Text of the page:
Nagarjuna, Shantideva, and dropping out…Posted: March 18, 2012
A legend that grew up around Shantideva relates that while reciting A Guide to the Bodhisattva’s Way of Life to an audience of monks, he ascended into the sky and disappeared. This is said to have occurred when he uttered the words [of Nagarjuna]:
When neither something nor nothing
Remains to be known,
There is no alternative left
But complete non-referential ease.
By associating this vision of emptiness with Shantideva’s miraculous departure from the monastery, the legend suggests a symbolic release from the scholarly and moralistic constraints of monasticism into a life of unfettered ease and freedom. Having delivered his masterpiece, Shantideva shuns renown and seeks anonymity. Later fragments of biography tell of his employment as a palace guard, his departure to the mountains as a hermit, his living with a consort in Bengal. Shantideva’s abiding in emptiness leads him to the inexorable conclusion that to love the world entails disappearing into its midst to become no one.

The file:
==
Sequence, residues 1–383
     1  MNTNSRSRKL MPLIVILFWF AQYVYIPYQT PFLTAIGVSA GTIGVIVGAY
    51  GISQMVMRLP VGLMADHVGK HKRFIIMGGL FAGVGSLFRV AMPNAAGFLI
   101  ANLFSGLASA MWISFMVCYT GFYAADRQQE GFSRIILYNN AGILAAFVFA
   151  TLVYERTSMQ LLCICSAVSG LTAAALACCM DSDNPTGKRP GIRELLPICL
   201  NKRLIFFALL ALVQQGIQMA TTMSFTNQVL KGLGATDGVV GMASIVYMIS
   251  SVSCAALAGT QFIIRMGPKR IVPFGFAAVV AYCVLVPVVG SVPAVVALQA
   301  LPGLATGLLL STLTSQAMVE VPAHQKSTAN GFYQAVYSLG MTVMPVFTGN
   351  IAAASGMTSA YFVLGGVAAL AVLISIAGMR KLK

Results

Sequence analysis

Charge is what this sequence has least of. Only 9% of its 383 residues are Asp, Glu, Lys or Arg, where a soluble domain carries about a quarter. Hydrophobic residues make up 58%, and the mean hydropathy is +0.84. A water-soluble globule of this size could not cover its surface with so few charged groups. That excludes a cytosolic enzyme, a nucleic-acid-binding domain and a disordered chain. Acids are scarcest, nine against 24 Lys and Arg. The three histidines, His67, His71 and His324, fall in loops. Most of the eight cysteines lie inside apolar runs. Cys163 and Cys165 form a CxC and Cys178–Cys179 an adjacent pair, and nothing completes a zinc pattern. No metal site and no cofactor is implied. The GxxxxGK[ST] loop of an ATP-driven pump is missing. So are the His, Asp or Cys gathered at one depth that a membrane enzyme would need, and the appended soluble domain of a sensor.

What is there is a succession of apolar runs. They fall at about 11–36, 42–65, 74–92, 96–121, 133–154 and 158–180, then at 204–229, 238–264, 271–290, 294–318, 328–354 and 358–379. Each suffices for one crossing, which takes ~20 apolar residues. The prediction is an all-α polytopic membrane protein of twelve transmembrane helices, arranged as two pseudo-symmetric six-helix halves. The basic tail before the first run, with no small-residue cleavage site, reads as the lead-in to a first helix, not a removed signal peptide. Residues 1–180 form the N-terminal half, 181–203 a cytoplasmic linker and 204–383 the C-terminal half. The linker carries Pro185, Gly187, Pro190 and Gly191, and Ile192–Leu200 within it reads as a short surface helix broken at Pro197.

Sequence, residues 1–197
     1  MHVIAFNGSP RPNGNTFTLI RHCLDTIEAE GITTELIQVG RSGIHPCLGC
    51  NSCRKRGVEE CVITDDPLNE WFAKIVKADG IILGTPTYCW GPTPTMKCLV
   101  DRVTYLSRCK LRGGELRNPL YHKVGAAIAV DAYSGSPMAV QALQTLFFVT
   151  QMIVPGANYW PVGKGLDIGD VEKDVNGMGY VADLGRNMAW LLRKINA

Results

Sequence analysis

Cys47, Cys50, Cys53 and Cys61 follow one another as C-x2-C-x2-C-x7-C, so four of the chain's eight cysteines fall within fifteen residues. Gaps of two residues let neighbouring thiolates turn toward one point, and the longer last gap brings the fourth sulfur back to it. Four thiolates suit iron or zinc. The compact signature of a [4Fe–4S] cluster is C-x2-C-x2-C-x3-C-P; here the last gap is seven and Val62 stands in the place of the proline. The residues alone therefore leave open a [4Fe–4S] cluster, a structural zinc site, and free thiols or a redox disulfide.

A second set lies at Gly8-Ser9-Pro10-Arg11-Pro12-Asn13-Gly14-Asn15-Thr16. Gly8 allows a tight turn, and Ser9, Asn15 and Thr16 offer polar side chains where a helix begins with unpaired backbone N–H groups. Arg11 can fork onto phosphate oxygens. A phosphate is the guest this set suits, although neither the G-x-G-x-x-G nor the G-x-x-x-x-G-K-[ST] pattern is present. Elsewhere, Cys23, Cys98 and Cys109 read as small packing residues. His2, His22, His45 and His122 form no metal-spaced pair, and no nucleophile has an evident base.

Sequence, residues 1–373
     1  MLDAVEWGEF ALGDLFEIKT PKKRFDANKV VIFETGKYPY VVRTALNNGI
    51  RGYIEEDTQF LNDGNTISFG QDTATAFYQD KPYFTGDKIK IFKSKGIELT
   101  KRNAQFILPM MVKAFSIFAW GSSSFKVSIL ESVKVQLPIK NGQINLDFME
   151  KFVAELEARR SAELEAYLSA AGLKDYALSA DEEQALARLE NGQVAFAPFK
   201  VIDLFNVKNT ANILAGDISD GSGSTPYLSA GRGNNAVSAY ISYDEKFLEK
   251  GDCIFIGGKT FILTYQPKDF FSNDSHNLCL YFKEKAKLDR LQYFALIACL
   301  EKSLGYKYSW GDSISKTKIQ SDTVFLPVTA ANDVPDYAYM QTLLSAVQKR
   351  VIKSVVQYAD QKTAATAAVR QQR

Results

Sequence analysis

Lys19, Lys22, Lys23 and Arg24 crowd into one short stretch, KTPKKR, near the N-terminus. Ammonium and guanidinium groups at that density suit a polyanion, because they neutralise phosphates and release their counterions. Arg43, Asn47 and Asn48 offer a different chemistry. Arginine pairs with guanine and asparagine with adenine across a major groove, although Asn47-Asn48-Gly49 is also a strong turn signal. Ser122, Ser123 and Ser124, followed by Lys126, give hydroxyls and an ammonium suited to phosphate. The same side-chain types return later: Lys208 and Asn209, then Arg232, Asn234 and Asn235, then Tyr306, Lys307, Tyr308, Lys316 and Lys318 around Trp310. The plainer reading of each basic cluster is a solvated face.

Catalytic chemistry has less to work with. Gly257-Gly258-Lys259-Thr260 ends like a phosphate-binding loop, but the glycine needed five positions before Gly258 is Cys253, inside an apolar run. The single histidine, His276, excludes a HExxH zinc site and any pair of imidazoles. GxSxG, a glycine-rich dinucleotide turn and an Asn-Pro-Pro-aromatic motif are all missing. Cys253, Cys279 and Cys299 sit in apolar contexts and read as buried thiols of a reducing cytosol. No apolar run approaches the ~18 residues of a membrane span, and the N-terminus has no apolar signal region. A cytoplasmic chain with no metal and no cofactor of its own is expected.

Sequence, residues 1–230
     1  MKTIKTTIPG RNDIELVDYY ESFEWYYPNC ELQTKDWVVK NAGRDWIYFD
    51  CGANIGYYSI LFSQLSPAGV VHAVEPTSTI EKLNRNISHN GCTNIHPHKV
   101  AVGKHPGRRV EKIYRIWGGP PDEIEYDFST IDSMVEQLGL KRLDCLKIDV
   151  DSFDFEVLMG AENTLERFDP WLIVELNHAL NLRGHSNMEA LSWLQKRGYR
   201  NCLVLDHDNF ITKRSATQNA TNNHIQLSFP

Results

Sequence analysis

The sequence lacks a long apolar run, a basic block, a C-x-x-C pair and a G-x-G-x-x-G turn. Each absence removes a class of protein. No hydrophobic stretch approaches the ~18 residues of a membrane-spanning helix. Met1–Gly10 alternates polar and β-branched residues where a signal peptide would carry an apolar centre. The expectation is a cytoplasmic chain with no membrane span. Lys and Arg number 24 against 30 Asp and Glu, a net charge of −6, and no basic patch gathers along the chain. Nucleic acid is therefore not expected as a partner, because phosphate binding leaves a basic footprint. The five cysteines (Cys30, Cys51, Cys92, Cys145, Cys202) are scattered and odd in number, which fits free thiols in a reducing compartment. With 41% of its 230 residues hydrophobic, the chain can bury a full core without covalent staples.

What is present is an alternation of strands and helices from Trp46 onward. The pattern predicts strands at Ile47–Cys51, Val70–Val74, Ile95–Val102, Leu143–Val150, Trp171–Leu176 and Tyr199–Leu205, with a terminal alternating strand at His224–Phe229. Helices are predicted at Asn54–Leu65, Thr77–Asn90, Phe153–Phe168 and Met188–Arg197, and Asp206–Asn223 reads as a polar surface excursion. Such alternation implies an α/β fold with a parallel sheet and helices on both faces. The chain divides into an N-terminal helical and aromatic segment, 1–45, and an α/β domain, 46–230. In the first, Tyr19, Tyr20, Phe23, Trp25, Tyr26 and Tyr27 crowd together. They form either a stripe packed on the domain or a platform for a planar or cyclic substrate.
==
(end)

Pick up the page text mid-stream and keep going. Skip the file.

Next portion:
Shantideva was not alone at this period in his rejection of institutional monasticism. A monk rising to preeminence within a monastery only to reject monasticism in favour of a return to the world is a common feature in the lives of the Buddhist tantric adepts (mahasiddha) of India. Like the Ch’an masters, their contemporaries in China, the tantric adepts sought to embody the Buddha’s teachings in the domain and language of everyday life and immediate experience. Both movements attempted to recover the vitality of a tradition which, while promising freedom, exhibits a curious proclivity to becoming mired in its own rules and dogmas.
pp35-36 of Verses from the Center: a Buddhist vision of the sublime, by Stephen Batchelor.